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Landscape Gardening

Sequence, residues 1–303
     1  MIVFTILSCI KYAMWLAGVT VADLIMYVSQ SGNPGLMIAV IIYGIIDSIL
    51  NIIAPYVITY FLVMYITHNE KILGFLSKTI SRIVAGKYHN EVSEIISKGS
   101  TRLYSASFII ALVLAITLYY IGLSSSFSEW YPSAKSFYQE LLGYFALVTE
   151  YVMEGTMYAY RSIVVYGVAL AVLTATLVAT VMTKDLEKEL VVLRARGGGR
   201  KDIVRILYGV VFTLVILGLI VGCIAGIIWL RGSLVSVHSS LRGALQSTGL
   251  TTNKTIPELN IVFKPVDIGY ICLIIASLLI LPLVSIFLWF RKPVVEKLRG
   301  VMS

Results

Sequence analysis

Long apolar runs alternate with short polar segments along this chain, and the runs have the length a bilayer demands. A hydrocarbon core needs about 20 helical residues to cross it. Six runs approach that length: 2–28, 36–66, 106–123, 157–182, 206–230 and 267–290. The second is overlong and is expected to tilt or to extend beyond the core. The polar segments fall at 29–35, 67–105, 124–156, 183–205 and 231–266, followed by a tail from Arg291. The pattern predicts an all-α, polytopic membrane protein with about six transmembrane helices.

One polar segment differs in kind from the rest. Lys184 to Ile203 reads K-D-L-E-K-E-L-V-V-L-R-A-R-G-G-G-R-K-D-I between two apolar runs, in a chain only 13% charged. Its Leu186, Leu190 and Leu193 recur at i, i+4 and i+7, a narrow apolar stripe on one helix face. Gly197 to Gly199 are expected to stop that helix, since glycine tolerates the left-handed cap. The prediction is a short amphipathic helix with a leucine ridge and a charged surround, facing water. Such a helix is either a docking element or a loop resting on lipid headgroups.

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In a report to President Ulysses S. Grant more than 100 years ago, Horace Capron, the U.S. agriculture commissioner, wrote: Landscape gardening is a comprehensive art, combining the genius of the landscape painter with the art of practical gardener; the exact knowledge of the engineer with the poetical imagination of the artist. The professor of this art should also possess a competent knowledge of the general principles of botany, architecture, geology, hydraulics, hydrostatics, mechanics, laws of heat and ventilation, pomology and vegetable physiology.'' Combining the skills of painters, architects, artists and horticulturists seems like an impossible task. These and many other areas of expertise help in establishing the landscape garden. As difficult as this task may seem, successful landscapes are largely a matter of creating and following a simple design and planting the right amount in the right place. Landscaping adds usable living area, increases property values and beautifies the home and other structures. A well-designed landscape creates an aesthetic environment that is well worth the time, money and effort invested. Landscape design is not just planting plants. Pleasing landscapes follow the same principles that you would use in designing the interior of your home. Designed landscapes can refresh, relax, comfort and uplift. Surveys show that a well-designed landscape will raise the property value 10 percent to 30 percent. Such landscapes appreciate in value over a lifetime, adding significantly to the beauty, comfort and financial desirability of the property. Before consulting a landscape contractor, landscape architect, landscape designer or local garden center, determine how much you want - and can afford - to invest in your property. Common methods include a percentage cost of the project or give a dollar figure. According to Money Magazine, not all improvements will increase the value of a home by the amount that they cost to install. According to Money's research, however, landscaping has a recovery value of at least 100 percent and up to 200 percentif it is well done and harmonizes with foliage nearby.'' This compares with a recovery value of a kitchen overhaul at 75 percent to 135 percent, and a bathroom renovation at 80 percent to 120 percent. Plants are great problem-solvers for blending architectural features and natural features. A personal landscape makes a creative statement that reflects your likes and dislikes. No two individuals are alike, and no two landscapes should be exactly alike. Plant materials and related structures can add living beauty to your home. The goal of most homeowners is to create a landscape that is uniquely theirs. Careful planning, design, installation and care are keys to an attractive, functional and enjoyable landscape. Failure to plant and care for the landscape leads to frustration, monetary loss and poorly maintained plantings. Landscape design creates functional landscapes for the lifestyle of the user. All the materials - both plants and non-plants - are blended and balanced to provide an attractive setting. Renovation should only be done to increase the functional uses and beauty of the landscape. Landscaping is a great investment because it enhances the property value of your home should you decide to sell it. Beautiful landscapes offer a positive first impression to promote a faster sell. As you budget for landscaping, make yearly adjustments depending on the overall complexity of the job, your ability to phase the installations of larger projects. Remember your changing planning and maintenance needs over the years and your desire to remodel some parts of the landscape. When hiring any landscape expert, remember to look for quality, value, expertise and service - not just low cost. I will be starting three new Landscape classes this week. Basic Landscape Design covers how to make a basic landscape plan for a new home or for a remodeling project. After you create your basic plan, Master Gardeners from Utah State University will help review your plans and make suggestions for improvement. Advanced Landscape design is for those who have done the basic course and want to do more. This course focuses on using plants to solve problems and on hardescapes such as arbors, walkways, ponds and other features. The other is Waterwise Landscape course with Adrian Hinton, USU horticulturist in Utah County. All class participants in this class receive a free water check to help them fine tune their sprinklers and schedule their irrigation. Call (801) 768-7443 to register for either class. For those outside Utah County, call toll free at 1-888-672-6040.

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